With a fishing rod in hand and his feet in the East Beach sand, Tommy Alford was a long way from Afghanistan. It has been 11 years since he was honorably discharged, 11 years since he was shot in the neck and head in the line of duty, and 11 years since he last saw the man standing next to him, Miles Foltz, who saved his life during combat.

On Wednesday the two veterans stood shoulder to shoulder, casting chunks of bait into the Chappaquiddick surf.

The men were brought together again by the American Heroes Saltwater Challenge, a homegrown effort launched by the Nixon family over a decade ago to provide wounded and recovering veterans a trip to the Vineyard to fish in the Striped Bass and Bluefish Derby. This year a group of 12 veterans and their families, from all over the United States, had the chance to participate in the derby. Local fishermen, many of whom are veterans themselves, dedicated their time and resources by boat and shore to give back to those who have given so much to the country — and to hook the veterans up with some good fishing.

But for Mr. Alford and Mr. Foltz the war remains as close as ever, even while fishing the waters of Martha’s Vineyard, thousands of miles from where they last saw combat and each other.

“There’s this thing called exposure therapy,” Mr. Foltz said between casts at East Beach. “Basically, you retell your story over and over again to try to wear out all the high points so that it’s less extreme . . . . Stuff like this rubs those things raw but rubs them down at the same time.”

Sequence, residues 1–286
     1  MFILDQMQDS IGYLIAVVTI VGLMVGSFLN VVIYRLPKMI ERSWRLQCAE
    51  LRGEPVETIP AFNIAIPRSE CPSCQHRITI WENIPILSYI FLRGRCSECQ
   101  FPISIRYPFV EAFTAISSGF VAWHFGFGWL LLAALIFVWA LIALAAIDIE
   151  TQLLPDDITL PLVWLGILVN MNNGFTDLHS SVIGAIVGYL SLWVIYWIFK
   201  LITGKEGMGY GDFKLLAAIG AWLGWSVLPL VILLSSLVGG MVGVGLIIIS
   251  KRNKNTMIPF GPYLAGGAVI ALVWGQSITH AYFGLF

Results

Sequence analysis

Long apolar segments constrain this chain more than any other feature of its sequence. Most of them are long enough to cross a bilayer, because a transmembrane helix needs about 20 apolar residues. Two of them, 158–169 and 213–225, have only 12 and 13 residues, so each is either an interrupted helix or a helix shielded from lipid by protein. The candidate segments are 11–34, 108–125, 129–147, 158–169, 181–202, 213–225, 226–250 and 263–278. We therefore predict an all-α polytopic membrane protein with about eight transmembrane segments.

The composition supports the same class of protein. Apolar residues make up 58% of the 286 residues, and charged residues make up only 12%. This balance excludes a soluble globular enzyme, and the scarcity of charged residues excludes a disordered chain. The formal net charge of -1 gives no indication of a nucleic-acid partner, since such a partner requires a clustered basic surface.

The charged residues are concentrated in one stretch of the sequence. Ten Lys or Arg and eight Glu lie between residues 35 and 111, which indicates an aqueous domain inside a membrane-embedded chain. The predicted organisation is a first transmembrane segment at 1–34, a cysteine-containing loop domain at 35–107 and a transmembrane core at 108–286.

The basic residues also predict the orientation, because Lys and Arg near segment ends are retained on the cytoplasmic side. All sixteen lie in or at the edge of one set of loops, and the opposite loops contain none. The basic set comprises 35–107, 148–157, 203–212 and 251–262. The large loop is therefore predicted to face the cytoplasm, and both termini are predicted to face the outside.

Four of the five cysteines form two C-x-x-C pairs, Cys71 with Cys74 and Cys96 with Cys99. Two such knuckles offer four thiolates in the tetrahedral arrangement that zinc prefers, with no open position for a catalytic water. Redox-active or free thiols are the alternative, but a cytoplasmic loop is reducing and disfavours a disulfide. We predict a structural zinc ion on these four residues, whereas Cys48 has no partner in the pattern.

Janet Messineo (right) chats with Michael and Cindy Lawcock. — Mark Alan Lovewell

He continued: “Everyone wants to hear our story because it’s a story to tell.”

Mr. Alford was an Army specialist stationed at Base Naray in Afghanistan, positioned at a machine gun when he was hit with a Taliban bullet, piercing his neck and jaw.

Braving heavy fire, Mr. Foltz, also a specialist, pulled his friend to safety, stopped the bleeding and then fended off the ambush with Mr. Alford’s weapon. Two soldiers died in the fighting that day but thanks to Mr. Foltz’s bravery Mr. Alford survived, returning three months later to finish his tour.

“He saved my life. It’s closer than family,” Mr. Alford said. “Whenever you talk about it there’s a lot of emotion that comes with it, but it’s good to get it out.”

The two heroes became the center of media attention and Mr. Foltz was presented with a bronze star. But the story told in the media often focuses on the visible wounds, like the scar that runs up Mr. Alford’s jugular to the base of his chin. What’s missing from that story are the wounds that aren’t visible.

Mr. Foltz said that he still has nightmares and is often unable to sleep. Mr. Alford said that he can no longer handle stress, which has made him unable to hold down a job or return to school.

Their personal troubles, the men said, are what has kept them apart for the last 11 years.

Jennifer Clarke leads the way in her boat, Femme Fatale. — Lisa Vanderhoop

“Ever since I’ve gotten out life hasn’t been easy for me,” Mr. Alford said. “I didn’t process everything and it has done a lot of long-term damage upstairs. . . there was a lot that happened that bled into my personal life. . . I just dropped off the map for a little while.”